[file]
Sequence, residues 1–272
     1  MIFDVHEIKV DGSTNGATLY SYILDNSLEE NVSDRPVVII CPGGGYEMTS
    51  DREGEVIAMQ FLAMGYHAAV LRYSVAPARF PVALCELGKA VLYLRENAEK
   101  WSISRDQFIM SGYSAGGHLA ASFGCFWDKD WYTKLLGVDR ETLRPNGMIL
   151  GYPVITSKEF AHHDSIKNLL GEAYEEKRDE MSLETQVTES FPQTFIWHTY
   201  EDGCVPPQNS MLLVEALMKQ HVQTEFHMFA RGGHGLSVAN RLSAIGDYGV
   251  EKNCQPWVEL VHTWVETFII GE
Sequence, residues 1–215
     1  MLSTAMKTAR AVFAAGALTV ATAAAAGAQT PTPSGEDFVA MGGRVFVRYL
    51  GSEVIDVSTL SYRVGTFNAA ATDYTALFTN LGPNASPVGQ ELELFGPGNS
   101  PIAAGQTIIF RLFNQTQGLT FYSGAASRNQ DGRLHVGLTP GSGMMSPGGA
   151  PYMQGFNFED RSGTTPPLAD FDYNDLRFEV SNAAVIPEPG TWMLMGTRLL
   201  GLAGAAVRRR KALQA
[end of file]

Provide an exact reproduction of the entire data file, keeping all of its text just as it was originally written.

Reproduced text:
Sequence, residues 1–272
     1  MIFDVHEIKV DGSTNGATLY SYILDNSLEE NVSDRPVVII CPGGGYEMTS
    51  DREGEVIAMQ FLAMGYHAAV LRYSVAPARF PVALCELGKA VLYLRENAEK
   101  WSISRDQFIM SGYSAGGHLA ASFGCFWDKD WYTKLLGVDR ETLRPNGMIL
   151  GYPVITSKEF AHHDSIKNLL GEAYEEKRDE MSLETQVTES FPQTFIWHTY
   201  EDGCVPPQNS MLLVEALMKQ HVQTEFHMFA RGGHGLSVAN RLSAIGDYGV
   251  EKNCQPWVEL VHTWVETFII GE
Sequence, residues 1–215
     1  MLSTAMKTAR AVFAAGALTV ATAAAAGAQT PTPSGEDFVA MGGRVFVRYL
    51  GSEVIDVSTL SYRVGTFNAA ATDYTALFTN LGPNASPVGQ ELELFGPGNS
   101  PIAAGQTIIF RLFNQTQGLT FYSGAASRNQ DGRLHVGLTP GSGMMSPGGA
   151  PYMQGFNFED RSGTTPPLAD FDYNDLRFEV SNAAVIPEPG TWMLMGTRLL
   201  GLAGAAVRRR KALQA